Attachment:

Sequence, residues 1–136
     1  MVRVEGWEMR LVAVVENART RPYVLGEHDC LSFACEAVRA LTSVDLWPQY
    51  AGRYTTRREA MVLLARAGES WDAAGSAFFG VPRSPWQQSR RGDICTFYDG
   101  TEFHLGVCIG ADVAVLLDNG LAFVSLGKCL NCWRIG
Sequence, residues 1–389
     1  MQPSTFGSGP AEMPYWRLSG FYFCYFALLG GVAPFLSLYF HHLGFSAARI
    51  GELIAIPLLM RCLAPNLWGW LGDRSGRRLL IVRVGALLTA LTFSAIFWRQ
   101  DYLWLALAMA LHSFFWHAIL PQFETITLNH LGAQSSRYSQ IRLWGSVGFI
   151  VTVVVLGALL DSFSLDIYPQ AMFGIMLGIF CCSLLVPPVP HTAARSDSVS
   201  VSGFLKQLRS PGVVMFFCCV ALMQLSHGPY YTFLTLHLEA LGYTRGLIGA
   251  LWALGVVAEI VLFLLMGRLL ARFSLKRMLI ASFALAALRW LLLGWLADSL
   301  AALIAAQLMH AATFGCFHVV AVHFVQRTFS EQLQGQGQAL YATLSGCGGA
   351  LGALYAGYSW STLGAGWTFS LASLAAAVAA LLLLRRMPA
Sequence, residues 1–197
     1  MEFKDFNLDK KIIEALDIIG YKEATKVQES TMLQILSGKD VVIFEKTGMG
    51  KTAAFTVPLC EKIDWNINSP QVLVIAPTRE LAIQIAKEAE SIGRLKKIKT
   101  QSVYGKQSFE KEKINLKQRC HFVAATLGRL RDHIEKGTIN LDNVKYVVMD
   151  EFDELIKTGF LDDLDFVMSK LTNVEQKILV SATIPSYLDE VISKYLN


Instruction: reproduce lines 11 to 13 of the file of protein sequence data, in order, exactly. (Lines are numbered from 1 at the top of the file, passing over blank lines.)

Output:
   251  LWALGVVAEI VLFLLMGRLL ARFSLKRMLI ASFALAALRW LLLGWLADSL
   301  AALIAAQLMH AATFGCFHVV AVHFVQRTFS EQLQGQGQAL YATLSGCGGA
   351  LGALYAGYSW STLGAGWTFS LASLAAAVAA LLLLRRMPA